Ingredients (6 servings):
500 g vermicelli
2 tbsp olive oil
200 g almonds, peeled and fried
cinnamon, as needed
sugar powder, as needed

  1. Prepare the almonds. Put the almonds into the boiling water for a few minutes, drain and then keep under the cold running water to cool. Remove the skin by holding an almond between thumb and forefinger - as you will squeeze the almond the skin will slide off. Once they are peeled fry almonds without oil for a few minutes and then ground to powder in a food processor.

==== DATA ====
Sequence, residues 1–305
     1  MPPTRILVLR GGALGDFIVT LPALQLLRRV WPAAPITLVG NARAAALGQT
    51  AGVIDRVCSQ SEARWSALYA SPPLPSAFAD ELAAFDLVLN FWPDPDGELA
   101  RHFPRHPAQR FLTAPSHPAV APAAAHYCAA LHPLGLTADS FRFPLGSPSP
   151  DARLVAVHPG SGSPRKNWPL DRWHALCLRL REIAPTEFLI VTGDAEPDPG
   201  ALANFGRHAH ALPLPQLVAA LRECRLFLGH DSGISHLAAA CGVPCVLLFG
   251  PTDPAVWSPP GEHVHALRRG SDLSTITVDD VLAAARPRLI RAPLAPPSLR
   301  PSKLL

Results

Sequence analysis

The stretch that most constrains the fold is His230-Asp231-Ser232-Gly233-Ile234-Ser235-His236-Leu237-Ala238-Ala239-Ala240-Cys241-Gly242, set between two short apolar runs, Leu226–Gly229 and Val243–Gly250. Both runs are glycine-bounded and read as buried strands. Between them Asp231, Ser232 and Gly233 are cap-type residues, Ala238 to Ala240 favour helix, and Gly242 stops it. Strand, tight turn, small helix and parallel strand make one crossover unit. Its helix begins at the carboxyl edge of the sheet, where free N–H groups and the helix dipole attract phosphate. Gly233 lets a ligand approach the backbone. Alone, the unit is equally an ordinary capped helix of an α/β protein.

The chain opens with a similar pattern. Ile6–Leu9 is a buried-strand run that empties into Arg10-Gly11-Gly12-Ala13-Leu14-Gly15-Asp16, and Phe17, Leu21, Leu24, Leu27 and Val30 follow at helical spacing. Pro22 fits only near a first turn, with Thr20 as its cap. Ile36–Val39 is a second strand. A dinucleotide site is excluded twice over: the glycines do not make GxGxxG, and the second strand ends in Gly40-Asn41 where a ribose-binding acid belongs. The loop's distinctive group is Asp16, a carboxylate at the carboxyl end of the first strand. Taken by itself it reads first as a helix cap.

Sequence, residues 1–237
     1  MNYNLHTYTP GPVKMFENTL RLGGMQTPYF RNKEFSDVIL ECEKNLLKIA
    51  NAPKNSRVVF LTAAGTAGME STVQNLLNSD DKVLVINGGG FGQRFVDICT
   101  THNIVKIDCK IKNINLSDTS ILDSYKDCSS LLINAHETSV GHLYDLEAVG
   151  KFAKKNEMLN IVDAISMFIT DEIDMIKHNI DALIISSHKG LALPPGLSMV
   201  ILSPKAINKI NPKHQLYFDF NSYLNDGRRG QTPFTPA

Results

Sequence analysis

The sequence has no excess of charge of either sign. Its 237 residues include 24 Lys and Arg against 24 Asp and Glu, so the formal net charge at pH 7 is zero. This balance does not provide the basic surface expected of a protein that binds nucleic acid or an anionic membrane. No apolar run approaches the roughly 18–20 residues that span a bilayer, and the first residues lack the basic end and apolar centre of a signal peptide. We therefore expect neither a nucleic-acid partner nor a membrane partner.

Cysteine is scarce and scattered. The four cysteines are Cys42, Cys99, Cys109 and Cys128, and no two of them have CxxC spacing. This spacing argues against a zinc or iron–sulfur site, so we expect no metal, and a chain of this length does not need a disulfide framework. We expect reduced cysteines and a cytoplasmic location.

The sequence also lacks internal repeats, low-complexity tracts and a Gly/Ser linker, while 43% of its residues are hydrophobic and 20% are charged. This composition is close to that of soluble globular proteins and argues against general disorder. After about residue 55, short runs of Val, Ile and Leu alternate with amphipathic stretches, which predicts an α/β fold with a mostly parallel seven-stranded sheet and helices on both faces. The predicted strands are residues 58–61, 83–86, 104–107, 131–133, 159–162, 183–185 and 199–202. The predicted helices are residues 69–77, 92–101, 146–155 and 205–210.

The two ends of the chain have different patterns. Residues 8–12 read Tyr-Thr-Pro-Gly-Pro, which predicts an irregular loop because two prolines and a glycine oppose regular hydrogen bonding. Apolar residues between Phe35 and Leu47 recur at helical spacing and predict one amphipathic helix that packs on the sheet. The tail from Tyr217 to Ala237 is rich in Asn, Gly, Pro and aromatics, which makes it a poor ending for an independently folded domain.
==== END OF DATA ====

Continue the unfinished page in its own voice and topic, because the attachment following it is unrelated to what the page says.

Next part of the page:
2. Steam the vermicelli: Prepare the couscoussier; as an alternative you may use a cooking pot and a metal colander that will be placed on top of it and covered with a lid.  Seal the joint between the two parts of the couscoussier (or a cooking pot and colander) with a piece of aluminum foil or a cotton cloth dipped into the mixture of flour and water. Put water in the lower bowl and put  vermicelli in the upper part; cover with the lid and steam for 10-15 minutes. Take the  couscoussier off the heat: transfer the vermicelli into the lower bowl and immediately drain - this trick speeds up the steaming. Transfer the vermicelli into a large bowl, add a glass of lukewarm water and use your hands to gently go through the vermicelli to separate them - continue for a few minutes till the vermicelli are crumbly. Change the water in the bottom part of the couscousier and steam the vermicelli for another 20-25 minutes.